This historic court case established the concept of Judicial Review, the ability of the Judiciary Branch to declare a law unconstitutional. This case brought the judicial branch of the government on a more even power basis with the legislative and executive branches. The Founding Fathers expected the branches of government to act as checks and balances on one another.

The historic court case Marbury v. Madison accomplished this end, thereby setting the precedent for numerous historic decisions in the future.

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McCulloch v. Maryland - 1819

John Marshall, Chief Justice of the Supreme Court. He was the Chief Justice presiding over the key McCulloch v. Maryland case.

In McCulloch v. Maryland, the Supreme Court allowed for implied powers of the federal government according to the "necessary and proper" clause of the Constitution. This case allowed the powers of the federal government to expand and evolve beyond that specifically written in the Constitution.

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Gibbons v. Ogden - 1824

Aaron Ogden (1756-1839), governor of New Jersey from 1812-1813, 1833. Gibbons v. Ogden established the supremacy of the federal government over state's rights. The case gave the federal government the power to regulate interstate commerce.

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Scott v. Sanford (Dred Scott Decision) - 1857
Dred Scott (1795 - 1858)

Scott v. Stanford had major implications about the condition of slavery. The court case struck down the Missouri Compromise and the Kansas-Nebraska Act and ruled that just because a slave was living in a "free" state, they were still slaves. The ruling increased tensions between the North and South in the build up to the Civil War.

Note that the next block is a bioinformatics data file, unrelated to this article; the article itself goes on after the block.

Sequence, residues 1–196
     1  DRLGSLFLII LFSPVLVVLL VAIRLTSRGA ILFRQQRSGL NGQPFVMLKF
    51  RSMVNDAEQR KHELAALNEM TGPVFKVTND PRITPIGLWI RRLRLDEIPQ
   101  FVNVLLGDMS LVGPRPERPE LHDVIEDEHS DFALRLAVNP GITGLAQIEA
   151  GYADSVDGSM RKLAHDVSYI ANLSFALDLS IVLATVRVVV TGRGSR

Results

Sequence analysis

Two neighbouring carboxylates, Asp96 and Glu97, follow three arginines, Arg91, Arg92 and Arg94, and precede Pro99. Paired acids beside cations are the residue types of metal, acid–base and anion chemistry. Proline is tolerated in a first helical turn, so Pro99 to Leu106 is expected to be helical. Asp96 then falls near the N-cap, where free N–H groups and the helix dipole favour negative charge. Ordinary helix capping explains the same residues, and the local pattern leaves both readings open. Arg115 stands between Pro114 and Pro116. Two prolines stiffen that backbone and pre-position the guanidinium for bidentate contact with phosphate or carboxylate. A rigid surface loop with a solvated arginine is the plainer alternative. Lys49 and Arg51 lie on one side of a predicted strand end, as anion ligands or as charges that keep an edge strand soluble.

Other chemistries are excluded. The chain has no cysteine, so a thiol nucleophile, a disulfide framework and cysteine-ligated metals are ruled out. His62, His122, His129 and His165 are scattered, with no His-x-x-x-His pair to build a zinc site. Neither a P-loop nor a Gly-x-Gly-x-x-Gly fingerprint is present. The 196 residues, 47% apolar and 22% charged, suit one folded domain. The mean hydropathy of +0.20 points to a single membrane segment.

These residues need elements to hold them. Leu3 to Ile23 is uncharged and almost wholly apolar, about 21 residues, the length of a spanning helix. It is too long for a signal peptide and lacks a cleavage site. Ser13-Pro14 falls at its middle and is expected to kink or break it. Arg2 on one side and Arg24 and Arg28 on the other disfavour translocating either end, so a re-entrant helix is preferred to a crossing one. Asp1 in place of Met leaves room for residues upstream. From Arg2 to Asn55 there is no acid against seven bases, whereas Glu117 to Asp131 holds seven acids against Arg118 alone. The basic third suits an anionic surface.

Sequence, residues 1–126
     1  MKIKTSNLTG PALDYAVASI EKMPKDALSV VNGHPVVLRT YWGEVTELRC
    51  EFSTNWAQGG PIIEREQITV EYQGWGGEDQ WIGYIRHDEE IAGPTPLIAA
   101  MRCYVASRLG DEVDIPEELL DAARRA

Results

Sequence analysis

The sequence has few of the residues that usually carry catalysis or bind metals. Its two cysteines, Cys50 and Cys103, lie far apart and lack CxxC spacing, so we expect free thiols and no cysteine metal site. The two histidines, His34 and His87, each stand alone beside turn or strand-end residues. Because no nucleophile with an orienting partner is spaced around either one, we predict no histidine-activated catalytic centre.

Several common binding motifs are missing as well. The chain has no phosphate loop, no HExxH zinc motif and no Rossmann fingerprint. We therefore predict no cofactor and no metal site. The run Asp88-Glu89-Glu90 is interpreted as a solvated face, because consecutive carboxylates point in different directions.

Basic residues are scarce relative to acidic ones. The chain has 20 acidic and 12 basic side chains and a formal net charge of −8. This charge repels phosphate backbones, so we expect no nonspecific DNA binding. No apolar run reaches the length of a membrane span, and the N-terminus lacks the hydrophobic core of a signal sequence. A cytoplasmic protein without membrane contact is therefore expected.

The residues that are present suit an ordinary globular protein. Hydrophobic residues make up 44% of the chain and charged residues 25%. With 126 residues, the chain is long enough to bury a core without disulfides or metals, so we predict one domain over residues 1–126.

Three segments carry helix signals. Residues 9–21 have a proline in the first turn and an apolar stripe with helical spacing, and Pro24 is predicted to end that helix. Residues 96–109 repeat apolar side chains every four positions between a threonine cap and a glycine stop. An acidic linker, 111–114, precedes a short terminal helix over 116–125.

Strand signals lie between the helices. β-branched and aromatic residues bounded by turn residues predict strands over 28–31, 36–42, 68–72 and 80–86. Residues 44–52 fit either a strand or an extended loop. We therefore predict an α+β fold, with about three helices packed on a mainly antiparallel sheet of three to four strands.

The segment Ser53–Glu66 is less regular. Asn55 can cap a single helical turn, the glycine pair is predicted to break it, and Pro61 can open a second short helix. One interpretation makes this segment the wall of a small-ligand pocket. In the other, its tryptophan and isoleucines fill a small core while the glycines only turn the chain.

# 05 of 07
Plessy v. Ferguson - 1896

African American students at a segregated school following the supreme court case Plessy v Ferguson established Separate But Equal, 1896. Afro American Newspapers/Gado/Getty Images Plessy v. Ferguson was a Supreme Court decision that upheld the separate but equal doctrine. This ruling interpreted the thirteenth amendment to mean that separate facilities were allowed for different races. This case was a cornerstone of segregation in the South.

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Brown v. Board of Education - 1954

Topeka, Kansas. The Monroe School historic site of Brown v Board of Education, what is considered the start of the Civil rights movement in the United States.

Brown v. Board of Education overturned the separate but equal doctrine which had been given legal standing with Plessy v. Ferguson. This landmark case was a significant step in the Civil Rights movement. In fact, President Eisenhower sent federal troops to force desegregation of a school in Little Rock, Arkansas based on this decision.

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Korematsu v. United States - 1946

Korematsu v. United States upheld the conviction of Frank Korematsu for defying an order to be interned with other Japanese-Americans during World War II. This ruling placed the security of the United States over individual rights and again has entered the political landscape with the detention of suspected terrorists at the Guantanamo Bay prison under President George W. Bush.

References


[1] Kelly, M. (2018). 7 Important Supreme Court Cases. Retrieved from https://www.thoughtco.com/list-of-supreme-court-cases-104970

[2] Kelly, M. (2019). Marbury v. Madison - Supreme Court Case. Retrieved from https://www.thoughtco.com/marbury-v-madison-104792